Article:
path: root/dev/todo
diff options
authorP. J. McDermott <pehjota>2012-07-05 01:21:59 (EDT)
committer P. J. McDermott <>2012-07-05 01:21:59 (EDT)
commitd50838e9924c069977b9b4f0815aecfb7cbcddb7 (patch)
tree3163adca472af09d70fe0c9c05a648f36bb6605d /dev/todo
parent455d2670313571ed6364b8fa99ef85a808b86123 (diff)
Add Multiarch project to wiki.
Diffstat (limited to 'dev/todo')
1 files changed, 77 insertions, 0 deletions
diff --git a/dev/todo/multiarch.mdwn b/dev/todo/multiarch.mdwn
new file mode 100644
index 0000000..4bf5413
--- /dev/null
+++ b/dev/todo/multiarch.mdwn
@@ -0,0 +1,77 @@
+[[!meta title="Multiarch"]]
+Multiarch refers to the ability to install and use packages built for non-native
+architectures. It is currently being [documented and implemented][wdo-ma] in
+Debian and Ubuntu. Multiarch is useful for this distribution because it makes
+cross compiling easy (see "Package Cross Building Tool" and "Multiarch Cross
+Toolchain Packages").
+Simply speaking, there are six [aspects of a multiarch implementation][ma-des]:
+ * **Filesystem Hierarchy**
+ To accomodate simultaneous installation of shared libraries built for
+ different architectures, library paths are suffixed with a directory name
+ that identifies a particular architecture. For this distribution, that
+ directory name will be the name of the binary architecture; for example,
+ library paths for the `cortexa8-linux-eglibc` architecture will be
+ `/lib/cortexa8-linux-eglibc` and `/usr/lib/cortexa8-linux-eglibc`.
+ The toolchain (especially the dynamic linker) needs to be configured to use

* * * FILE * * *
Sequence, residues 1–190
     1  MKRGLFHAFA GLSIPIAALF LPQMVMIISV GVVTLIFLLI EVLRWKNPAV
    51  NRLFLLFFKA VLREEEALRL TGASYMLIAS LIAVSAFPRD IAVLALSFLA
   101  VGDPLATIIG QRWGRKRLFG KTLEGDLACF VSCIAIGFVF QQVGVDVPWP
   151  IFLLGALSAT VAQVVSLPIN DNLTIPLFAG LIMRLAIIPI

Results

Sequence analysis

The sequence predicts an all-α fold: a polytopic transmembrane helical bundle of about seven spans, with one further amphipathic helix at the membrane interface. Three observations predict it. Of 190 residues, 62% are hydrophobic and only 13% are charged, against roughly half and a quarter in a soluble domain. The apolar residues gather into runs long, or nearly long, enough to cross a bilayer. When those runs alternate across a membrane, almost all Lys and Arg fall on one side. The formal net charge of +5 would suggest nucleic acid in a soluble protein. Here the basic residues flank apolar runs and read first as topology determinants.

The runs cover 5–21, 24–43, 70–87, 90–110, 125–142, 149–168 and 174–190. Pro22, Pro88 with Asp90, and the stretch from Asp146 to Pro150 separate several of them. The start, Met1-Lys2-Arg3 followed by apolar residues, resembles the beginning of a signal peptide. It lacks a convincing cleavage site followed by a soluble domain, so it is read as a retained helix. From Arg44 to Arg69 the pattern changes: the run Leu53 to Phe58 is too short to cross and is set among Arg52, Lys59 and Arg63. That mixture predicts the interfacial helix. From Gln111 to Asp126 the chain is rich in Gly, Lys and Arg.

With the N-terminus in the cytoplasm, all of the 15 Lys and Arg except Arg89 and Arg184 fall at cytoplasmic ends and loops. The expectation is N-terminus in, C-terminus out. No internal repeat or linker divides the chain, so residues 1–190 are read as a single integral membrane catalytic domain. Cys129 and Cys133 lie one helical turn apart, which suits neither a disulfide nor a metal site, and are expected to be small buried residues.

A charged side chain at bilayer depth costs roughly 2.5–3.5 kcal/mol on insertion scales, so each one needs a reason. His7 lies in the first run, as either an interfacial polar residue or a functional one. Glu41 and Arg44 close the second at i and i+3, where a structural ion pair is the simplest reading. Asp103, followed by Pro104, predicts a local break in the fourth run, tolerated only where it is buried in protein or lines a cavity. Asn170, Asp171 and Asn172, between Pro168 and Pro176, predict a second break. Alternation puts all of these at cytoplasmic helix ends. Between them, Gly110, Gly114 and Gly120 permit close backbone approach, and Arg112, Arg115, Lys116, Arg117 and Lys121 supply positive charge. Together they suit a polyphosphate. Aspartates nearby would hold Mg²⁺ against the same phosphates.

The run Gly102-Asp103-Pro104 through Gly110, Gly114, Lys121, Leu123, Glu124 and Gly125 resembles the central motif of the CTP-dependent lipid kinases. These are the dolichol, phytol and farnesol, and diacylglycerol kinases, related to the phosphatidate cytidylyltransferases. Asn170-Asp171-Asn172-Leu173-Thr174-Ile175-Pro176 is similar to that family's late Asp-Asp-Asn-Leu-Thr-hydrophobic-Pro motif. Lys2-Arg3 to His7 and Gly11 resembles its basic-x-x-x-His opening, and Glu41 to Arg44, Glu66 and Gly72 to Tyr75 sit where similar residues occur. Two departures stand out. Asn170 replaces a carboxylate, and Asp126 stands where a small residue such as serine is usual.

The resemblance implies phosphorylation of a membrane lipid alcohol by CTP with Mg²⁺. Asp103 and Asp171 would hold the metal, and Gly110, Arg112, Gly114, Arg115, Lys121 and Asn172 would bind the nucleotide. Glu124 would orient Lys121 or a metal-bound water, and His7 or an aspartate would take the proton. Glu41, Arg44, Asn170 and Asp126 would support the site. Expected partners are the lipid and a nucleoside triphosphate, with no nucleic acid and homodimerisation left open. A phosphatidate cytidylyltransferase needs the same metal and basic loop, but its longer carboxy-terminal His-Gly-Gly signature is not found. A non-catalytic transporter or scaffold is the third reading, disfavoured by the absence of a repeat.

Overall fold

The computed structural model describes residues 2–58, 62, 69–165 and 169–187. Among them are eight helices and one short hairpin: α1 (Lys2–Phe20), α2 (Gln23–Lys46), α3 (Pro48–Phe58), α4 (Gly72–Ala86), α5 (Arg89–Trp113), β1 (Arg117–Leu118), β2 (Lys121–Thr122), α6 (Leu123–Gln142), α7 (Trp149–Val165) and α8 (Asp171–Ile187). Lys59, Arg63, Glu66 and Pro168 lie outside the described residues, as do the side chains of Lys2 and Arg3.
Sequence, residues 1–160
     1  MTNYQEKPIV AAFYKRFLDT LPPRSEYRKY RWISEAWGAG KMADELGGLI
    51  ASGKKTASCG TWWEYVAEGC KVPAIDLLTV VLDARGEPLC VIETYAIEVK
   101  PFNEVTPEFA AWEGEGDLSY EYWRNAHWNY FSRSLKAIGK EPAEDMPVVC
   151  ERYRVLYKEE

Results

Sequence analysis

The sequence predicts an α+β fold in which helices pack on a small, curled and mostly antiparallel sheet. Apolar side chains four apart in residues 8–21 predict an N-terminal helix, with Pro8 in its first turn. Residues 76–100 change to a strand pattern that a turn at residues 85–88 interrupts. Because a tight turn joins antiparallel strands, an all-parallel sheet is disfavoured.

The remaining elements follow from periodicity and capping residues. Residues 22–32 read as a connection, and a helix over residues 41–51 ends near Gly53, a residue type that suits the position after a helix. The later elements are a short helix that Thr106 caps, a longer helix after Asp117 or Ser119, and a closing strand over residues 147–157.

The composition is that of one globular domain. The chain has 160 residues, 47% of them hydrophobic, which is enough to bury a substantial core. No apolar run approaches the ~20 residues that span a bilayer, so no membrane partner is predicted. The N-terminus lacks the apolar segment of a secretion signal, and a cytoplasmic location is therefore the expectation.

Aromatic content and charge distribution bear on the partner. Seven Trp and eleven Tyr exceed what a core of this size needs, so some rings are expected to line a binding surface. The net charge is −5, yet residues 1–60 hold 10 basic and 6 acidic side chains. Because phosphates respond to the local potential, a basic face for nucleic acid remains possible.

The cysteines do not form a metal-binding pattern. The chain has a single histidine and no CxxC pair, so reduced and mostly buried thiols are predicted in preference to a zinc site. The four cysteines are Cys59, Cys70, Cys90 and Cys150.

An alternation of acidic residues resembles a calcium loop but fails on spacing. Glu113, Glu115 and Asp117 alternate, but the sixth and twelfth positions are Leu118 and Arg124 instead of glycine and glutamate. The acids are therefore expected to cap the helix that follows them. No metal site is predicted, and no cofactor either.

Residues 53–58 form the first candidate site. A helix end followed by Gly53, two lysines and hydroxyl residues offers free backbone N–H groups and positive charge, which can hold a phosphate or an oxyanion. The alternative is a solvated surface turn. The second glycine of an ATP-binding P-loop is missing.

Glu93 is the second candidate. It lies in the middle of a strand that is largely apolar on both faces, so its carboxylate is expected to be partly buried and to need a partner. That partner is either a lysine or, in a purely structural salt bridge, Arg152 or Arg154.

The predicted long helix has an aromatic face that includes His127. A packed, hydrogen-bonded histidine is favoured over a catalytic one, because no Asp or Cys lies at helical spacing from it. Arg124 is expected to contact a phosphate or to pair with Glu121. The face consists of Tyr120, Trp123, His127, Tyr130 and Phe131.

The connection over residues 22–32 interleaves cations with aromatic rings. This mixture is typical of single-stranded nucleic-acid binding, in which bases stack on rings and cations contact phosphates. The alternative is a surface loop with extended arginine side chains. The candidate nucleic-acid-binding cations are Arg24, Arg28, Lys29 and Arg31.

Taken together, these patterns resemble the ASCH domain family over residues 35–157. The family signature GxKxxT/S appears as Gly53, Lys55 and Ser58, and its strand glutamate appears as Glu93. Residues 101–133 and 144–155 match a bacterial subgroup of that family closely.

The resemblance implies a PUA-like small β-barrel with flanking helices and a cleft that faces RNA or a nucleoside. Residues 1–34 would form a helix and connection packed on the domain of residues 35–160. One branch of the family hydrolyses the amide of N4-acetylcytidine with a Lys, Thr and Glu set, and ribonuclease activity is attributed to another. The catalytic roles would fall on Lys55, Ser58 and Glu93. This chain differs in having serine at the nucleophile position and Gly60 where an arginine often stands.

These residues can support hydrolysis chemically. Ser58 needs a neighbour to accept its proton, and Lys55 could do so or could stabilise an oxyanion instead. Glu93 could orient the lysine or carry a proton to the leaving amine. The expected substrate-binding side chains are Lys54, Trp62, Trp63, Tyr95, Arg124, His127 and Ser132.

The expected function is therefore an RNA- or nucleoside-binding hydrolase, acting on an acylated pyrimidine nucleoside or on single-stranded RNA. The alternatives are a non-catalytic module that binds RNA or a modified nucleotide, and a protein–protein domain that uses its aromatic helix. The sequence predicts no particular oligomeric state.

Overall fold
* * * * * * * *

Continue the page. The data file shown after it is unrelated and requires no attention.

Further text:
+ these library paths.
+ * **A `Multi-Arch` Control Field**
+ A `Multi-Arch` control field specifies how a package can satisfy
+ dependencies of other packages. A value of `same` means that a package can
+ only satisfy dependencies of packages built for the architecture for which
+ it was built. This is useful for shared libraries, which can only be
+ dynamically linked against binary objects built for the same architecture.
+ A value of `foreign` means that a package can satisfy dependencies of
+ packages built for any architecture. This is useful for utility programs,
+ which can be used by software built for any architecture.
+ The package manager (opkg in our case) and package building tools
+ (specifically oh-checkbuilddeps of opkhelper) must be able to understand
+ and use this field in resolving package dependencies.
+ * **Architecture Specification in Package Relationships**
+ Control fields like `Depends` are extended to support an architecture
+ specification of either `any` or `same`, allowing a package to specify
+ whether or not it needs a package of the same architecture. The dependent
+ package has a `Multi-Arch` field with value `allowed`.
+ The package manager and package building tools must be able to understand
+ and use this architecture syntax in relationship fields.
+ * **Handling of Packages with `Architecture: all`**
+ Dependence on packages installable and usable on any architecture
+ (especially considering opkg's ability to install packages of multiple
+ architectures) must be researched.
+ * **Non-Library Files in Library Packages**
+ Library packages provide files outside of system library paths, such as
+ configuration and package documentation files. A solution must be designed
+ to allow a package built for one architecture to be co-installable with the
+ same package built for a different architecture (or to determine if they are
+ co-installable at all).
+ * **Ability to Install Packages Built for Non-Native Architectures**
+ The package manager must be able to install packages built for multiple
+ architectures (the whole point of multiarch). Fortunately for us, opkg
+ already handles this. The `arch` option in `opkg.conf` [allows the user to
+ specify architectures][opkg-conf-arch] for which packages can be installed.
+In summary, there is much design work to be done, opkg and opkhelper must be
+modified to support multiarch, and certain packages will need to be built to
+handle multiarch library paths. Of course Debian is a great reference
+implementation, but there still remains much original work to be done.